*This post was originally published June 8th, 2006*
I mentioned in an earlier post that I had long been interested in the science of life and its origins and I have spent a number of years exploring the intersection between science and faith. In recent years the conversation has centered primarily on Intelligent Design, a theory much talked about in the media, courts, schools and scientific circles. To that end I wanted to give those unfamiliar with the ins and outs of the issue an overview of the discussion to date.
Below are a series of questions and answers about Intelligent Design. I attempted to be as even-handed as possible though I readily acknowledge that in general I support intelligent design as a scientific theory.
What is Intelligent Design (ID)?
Intelligent Design is the scientific theory that states that certain features of the universe and of living things are best explained by an intelligent cause not an undirected process such as mutation and natural selection. It is a theory promulgated to answer this question, posed by William Dembski, an originator of the theory of ID, and one of its primary proponents:
Can objects, even if nothing is known about how they arose, exhibit features that reliably signal the action of an intelligent cause?
That question can be asked by anybody regardless of metaphysical belief; and the answer, presumably, wouldn’t require a particular belief either.
To that end, two main criteria have been proposed to determine the earmarks of intelligent activity in the formation of an object (or organism) – they are irreducible complexity, and specified complexity.
Irreducible complexity is drawn from a statement by Charles Darwin:
“If it could be demonstrated that any complex organ existed which could not possibly have been formed by numerous, successive, slight modifications, my theory would absolutely break down.”
–Charles Darwin, The Origin of Species: A Facsimile of the First Edition, Harvard University Press, 1964, p. 189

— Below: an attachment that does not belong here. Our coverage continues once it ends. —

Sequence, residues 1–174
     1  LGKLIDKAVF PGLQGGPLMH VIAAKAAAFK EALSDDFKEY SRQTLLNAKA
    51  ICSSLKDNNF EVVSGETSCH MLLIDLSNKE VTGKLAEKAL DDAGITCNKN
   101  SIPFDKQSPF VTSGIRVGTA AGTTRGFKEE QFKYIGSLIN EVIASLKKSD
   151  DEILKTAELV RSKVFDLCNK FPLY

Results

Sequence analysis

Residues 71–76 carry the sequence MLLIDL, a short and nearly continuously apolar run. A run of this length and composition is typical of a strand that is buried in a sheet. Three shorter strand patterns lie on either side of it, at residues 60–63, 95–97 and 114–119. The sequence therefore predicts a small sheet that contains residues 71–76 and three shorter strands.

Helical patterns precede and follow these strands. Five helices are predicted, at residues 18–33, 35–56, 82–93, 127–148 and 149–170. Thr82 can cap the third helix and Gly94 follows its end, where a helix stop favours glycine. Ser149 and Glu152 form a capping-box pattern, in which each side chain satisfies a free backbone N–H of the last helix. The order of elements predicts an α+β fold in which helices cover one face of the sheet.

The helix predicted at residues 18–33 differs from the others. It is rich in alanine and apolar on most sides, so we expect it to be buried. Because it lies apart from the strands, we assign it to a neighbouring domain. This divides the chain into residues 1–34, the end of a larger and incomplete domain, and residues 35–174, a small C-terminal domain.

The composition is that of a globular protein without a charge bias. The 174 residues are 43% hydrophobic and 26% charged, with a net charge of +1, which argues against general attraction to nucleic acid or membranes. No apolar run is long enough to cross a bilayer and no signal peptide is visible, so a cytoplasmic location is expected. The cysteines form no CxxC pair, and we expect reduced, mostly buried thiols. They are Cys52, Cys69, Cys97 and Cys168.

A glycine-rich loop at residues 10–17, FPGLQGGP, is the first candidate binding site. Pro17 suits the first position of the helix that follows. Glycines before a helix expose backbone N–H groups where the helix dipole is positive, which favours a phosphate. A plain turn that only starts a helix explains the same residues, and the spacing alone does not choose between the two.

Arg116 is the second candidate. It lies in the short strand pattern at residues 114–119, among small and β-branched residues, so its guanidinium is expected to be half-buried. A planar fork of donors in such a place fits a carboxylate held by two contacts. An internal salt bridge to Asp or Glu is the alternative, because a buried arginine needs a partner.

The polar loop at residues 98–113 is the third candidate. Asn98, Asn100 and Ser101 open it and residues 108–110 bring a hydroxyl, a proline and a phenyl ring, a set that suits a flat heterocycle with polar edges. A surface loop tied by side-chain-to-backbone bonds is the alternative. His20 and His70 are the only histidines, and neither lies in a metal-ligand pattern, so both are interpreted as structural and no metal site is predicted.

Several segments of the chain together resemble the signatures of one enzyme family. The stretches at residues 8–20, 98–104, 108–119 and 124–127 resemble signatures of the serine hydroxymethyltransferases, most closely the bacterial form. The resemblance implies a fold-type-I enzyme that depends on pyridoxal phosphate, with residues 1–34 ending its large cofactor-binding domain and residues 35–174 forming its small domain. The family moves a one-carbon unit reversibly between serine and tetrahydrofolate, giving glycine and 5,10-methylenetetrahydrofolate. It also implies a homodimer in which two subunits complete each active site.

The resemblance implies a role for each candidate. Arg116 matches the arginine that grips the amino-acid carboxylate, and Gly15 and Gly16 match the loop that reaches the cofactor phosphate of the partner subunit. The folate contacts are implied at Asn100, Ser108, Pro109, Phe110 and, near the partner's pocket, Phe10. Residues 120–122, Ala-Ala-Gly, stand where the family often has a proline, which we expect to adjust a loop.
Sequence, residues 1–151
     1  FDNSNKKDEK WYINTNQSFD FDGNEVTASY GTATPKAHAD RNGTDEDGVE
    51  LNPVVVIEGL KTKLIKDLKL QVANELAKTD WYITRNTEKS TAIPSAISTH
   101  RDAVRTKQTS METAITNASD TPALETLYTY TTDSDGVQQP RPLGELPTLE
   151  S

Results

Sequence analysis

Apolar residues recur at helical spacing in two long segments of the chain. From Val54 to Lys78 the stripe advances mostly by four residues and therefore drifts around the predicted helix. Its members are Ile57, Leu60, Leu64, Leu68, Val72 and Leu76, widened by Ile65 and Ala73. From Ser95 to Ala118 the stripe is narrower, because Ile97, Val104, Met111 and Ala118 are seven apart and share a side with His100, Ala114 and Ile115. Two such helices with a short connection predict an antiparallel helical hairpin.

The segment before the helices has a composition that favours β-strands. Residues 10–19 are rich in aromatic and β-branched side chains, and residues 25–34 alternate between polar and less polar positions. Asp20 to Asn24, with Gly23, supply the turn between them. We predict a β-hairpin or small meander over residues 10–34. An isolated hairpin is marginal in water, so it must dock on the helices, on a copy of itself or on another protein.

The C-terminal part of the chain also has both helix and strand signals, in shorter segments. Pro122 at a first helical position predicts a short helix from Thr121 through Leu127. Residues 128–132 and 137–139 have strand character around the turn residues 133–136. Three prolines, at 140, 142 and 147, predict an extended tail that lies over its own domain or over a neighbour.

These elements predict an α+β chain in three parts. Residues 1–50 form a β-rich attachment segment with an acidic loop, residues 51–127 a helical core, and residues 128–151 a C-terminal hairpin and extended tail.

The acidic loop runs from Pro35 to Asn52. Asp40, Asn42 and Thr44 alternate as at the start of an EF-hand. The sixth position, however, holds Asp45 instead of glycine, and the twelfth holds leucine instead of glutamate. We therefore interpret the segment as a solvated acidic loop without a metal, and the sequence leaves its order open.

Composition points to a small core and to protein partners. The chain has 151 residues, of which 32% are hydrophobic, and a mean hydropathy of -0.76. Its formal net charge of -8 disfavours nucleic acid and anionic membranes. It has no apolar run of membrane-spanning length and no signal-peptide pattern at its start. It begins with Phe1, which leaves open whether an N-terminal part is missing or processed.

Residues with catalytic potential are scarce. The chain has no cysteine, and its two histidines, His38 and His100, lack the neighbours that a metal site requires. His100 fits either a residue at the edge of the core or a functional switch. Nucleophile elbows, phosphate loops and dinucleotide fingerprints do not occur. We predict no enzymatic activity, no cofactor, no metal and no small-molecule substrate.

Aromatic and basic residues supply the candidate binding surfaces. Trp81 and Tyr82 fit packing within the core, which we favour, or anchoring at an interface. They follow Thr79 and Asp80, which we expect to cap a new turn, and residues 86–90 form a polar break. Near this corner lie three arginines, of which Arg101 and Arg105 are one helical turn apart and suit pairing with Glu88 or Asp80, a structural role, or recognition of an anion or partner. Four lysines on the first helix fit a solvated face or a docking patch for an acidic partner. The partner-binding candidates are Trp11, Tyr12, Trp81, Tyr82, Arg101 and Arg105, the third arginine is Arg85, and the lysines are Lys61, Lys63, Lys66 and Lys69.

Thus Michael Behe describes an irreducibly complex system this way:
“A single system which is composed of several interacting parts that contribute to the basic function and where the removal of any one of the parts causes the system to effectively cease functioning”
–Michael Behe, Darwin’s Black Box, p. 9
In simpler terms if you have a mechanism (for example, a mousetrap) you can only reduce that mechanism down to a certain number of parts before it ceases to function in any useful way. In biological terms all the parts to a irreducibly complex biological system must be in place at once in order for it to function in any useful way and confer a survival advantage to the organism. Thus, such systems could not be formed by a series of gradual modifications as required by Darwinian evolution.
In the case of specified complexity, developed by William Dembski, the idea really centers on information patterns. If a pattern is both specified (that is fits a defined arrangement) and complex it is a reliable marker of intelligent activity. Thus a mountain side may be complex, that is made up of a variety of materials, but it isn’t specific in its arrangement. A crystalline structure like a diamond might be specific because its structure is organized in uniform a pattern but they aren’t complex.
Intelligence allows for patterns that are both specified (organized in discernible pattern) and complex, like written languages, computers codes and machines. In short, it allows us to discern the degree to which intelligence played a part in the formation of Mount Rushmore versus the natural formation of a cliff wall.
These two criteria form the basis of intelligent design theory.
Does ID disprove evolution?